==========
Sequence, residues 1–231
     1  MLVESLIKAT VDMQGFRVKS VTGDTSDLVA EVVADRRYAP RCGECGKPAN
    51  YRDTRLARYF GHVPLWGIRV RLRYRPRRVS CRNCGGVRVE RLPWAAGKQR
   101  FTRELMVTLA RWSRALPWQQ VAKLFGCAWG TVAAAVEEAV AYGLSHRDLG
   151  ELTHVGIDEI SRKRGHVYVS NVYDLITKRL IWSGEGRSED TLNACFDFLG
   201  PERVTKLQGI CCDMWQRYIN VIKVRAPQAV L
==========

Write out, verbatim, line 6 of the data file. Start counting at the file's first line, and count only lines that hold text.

   201  PERVTKLQGI CCDMWQRYIN VIKVRAPQAV L